Published: Apr. 25, 2008
Updated: May 7, 2010
By Jeni Baker
Atherosclerosis, commonly called “hardening of the arteries,” is a leading cause of life-threatening medical issues such as heart attack, stroke, and peripheral artery disease. Duke Heart Center preventive cardiologist William E. Kraus, MD, and vascular physiologist Jason Allen, PhD, discuss how simple lifestyle changes can help individuals prevent and manage this potentially dangerous condition.
Characterized by fatty deposits (plaque) within artery walls, atherosclerosis can obstruct blood flow and contributes to the formation of harmful blockages in the bloodstream. While some risk factors for atherosclerosis -- such as advancing age and family history -- can’t be controlled, many can, including:
Lifestyle recommendations to lower the risk of atherosclerosis include:
Eat a low-fat diet. Data show that diets best for long-term vascular health are low in saturated fats (which include cholesterol) and high in monounsaturated fats, such as those found in fish and olive oils. Dr. Kraus recommends the American Heart Association guidelines for fat consumption, which call for fats to comprise the following portions of daily caloric intake:
“When high levels of lipids are circulating in our bodies, the balance is tipped toward atherogenesis [the buildup of fats in the arteries] instead of toward health,” says Allen.
Get more exercise. The 2003 results of the landmark Studies of Targeted Risk Reduction Interventions through Defined Exercise (STRRIDE) -- a federally funded, five-year randomized trial led by Dr. Kraus -- indicate that walking briskly for just 30 minutes a day burns a significant percentage of fat (and therefore promotes weight loss) in otherwise sedentary people.
STRRIDE II, currently under way at Duke, is examining the impact of weight and endurance training, alone or combined, on conditions that impact cardiovascular health, such as atherosclerosis.
“Not only has exercise been shown to reduce blood lipid levels effectively, it also can improve many other areas -- including arterial health, hypertension, blood glucose levels, weight loss, and mood -- that would require multiple medications,” says Dr. Allen.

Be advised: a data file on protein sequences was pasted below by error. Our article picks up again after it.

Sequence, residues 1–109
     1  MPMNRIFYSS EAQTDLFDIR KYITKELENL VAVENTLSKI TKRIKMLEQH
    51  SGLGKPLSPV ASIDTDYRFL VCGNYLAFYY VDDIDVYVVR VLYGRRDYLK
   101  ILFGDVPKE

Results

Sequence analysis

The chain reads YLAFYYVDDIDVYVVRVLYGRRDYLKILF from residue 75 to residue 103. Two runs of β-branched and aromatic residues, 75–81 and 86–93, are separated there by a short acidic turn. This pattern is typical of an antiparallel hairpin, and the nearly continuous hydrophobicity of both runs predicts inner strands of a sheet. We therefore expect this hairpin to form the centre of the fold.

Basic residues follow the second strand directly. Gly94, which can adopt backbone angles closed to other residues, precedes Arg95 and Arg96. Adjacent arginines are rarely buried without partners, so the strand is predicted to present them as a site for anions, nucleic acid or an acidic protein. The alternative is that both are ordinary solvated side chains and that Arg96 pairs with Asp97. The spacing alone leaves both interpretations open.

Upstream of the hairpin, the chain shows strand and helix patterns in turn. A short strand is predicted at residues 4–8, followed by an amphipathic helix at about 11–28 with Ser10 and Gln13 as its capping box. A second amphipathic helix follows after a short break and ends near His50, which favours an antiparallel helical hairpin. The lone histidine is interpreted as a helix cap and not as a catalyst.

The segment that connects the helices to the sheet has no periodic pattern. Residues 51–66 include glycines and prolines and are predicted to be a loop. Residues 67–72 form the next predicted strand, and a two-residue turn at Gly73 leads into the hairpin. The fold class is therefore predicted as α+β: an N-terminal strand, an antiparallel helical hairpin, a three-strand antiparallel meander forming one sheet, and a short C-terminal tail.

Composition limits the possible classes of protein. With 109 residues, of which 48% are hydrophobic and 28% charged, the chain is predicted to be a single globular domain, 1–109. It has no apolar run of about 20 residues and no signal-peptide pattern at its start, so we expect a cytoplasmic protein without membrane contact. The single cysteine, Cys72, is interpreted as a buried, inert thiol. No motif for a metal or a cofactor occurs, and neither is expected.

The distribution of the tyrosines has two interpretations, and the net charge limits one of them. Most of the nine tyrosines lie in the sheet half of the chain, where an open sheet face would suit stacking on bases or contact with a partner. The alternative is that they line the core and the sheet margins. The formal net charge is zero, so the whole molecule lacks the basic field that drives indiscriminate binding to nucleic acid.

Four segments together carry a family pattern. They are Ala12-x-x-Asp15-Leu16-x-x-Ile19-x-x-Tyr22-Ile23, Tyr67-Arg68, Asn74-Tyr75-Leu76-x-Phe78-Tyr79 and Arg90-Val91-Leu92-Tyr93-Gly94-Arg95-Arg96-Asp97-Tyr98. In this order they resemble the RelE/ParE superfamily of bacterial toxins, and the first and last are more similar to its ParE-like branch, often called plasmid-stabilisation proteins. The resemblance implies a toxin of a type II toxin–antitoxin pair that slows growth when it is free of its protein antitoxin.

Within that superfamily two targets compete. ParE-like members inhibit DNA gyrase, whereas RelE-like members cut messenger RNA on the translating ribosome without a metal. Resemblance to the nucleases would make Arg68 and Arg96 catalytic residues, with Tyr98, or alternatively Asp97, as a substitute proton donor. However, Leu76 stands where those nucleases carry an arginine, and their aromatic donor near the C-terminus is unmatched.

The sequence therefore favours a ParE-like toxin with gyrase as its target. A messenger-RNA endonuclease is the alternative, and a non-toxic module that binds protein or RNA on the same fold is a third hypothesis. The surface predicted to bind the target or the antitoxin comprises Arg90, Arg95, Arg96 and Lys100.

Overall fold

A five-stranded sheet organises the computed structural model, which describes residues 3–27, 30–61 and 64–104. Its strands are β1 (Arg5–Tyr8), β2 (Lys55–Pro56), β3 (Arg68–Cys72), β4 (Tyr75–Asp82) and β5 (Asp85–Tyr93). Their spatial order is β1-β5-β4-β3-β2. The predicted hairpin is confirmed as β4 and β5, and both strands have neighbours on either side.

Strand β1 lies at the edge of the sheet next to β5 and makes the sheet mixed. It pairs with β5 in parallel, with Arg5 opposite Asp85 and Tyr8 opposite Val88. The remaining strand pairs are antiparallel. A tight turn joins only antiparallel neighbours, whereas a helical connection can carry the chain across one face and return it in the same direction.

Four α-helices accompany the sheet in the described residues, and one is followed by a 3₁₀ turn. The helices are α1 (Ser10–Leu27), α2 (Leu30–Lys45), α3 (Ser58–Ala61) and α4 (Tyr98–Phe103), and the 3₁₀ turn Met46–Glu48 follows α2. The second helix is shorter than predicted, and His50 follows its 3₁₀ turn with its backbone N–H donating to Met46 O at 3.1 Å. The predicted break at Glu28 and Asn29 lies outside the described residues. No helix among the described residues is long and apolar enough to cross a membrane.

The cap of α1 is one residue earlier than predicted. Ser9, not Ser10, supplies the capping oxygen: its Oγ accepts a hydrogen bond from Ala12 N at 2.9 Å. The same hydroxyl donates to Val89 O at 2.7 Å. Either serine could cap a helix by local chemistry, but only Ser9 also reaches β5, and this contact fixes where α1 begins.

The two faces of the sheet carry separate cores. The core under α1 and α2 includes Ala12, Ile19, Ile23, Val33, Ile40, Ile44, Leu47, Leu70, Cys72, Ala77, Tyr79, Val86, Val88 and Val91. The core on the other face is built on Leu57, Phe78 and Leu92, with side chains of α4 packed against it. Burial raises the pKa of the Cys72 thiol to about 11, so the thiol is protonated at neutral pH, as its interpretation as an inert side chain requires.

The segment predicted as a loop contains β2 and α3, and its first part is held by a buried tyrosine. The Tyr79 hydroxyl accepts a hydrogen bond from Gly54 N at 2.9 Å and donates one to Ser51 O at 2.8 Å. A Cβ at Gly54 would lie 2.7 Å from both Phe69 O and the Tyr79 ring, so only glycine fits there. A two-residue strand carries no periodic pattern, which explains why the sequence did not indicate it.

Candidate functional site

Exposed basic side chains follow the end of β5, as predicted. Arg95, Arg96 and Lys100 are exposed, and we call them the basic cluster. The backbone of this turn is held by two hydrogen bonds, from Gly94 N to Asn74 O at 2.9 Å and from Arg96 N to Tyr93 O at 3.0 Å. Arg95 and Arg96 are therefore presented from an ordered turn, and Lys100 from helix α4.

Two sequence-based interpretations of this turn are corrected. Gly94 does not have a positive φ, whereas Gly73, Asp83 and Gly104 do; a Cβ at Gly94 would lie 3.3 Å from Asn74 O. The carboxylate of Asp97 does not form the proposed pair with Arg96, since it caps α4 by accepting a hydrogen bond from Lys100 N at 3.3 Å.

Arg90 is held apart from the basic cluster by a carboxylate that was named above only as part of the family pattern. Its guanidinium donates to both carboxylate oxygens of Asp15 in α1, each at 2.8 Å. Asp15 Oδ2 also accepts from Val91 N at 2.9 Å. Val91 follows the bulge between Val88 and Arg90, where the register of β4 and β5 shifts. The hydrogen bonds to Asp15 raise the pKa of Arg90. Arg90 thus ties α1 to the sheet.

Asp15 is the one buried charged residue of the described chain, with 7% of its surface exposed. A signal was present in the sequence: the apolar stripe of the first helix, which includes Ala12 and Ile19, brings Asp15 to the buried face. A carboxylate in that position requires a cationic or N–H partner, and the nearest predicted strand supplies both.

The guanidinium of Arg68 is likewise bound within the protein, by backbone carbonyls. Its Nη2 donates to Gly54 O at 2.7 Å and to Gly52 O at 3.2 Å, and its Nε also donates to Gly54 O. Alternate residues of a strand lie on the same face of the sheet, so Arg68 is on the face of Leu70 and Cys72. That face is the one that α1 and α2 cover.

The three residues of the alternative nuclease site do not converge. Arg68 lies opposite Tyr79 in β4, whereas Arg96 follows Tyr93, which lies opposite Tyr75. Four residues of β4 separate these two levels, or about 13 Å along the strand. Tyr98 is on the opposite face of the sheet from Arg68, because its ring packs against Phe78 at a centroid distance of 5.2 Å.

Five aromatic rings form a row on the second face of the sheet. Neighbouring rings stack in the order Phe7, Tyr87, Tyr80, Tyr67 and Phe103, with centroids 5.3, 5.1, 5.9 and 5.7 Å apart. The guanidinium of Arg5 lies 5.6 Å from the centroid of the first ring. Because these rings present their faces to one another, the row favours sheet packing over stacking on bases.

Quit smoking and avoid secondhand smoke. Cigarette smoke can significantly accelerate atherosclerosis progression.
Making these changes can have a big impact on vascular health. “For many people, the first line of atherosclerosis defense should be lifestyle factors like diet and exercise,” says Dr. Allen. “These can be supplemented with medication in people who require a more aggressive approach.”
The importance of exercise in fighting atherosclerosis has become even clearer in recent years. Exercise not only improves lipid levels by burning fat molecules, it alters their distribution, the STRRIDE study suggested. Interestingly, some fat particles appear more likely to cause atherosclerosis, while others seem to protect against it.
While this link is well established in terms of high- versus low-density lipoproteins -- HDL and LDL (“good” and “bad” cholesterol, respectively) -- the STRRIDE study revealed that exercise appears to increase the size of HDL and LDL particles. Small, dense particles appear more likely to cause atherosclerosis than larger ones, perhaps because smaller particles can amass in the nooks and crannies of arteries more easily than larger ones can.
The bottom line, Dr. Kraus says, is that “inactivity is not an option. To prevent and manage atherosclerosis, people have to get out and do something.”
-- William E. Kraus, MD, is the director of Duke Heart Center’s cardiac rehabilitation program and a professor of medicine and assistant professor of cell biology at Duke.
-- Jason D. Allen, PhD, an assistant research professor of medicine at Duke, leads the Frederick R. Cobb Non-Invasive Vascular Research Laboratory as well as the vascular evaluation service of the Duke Executive Health Program.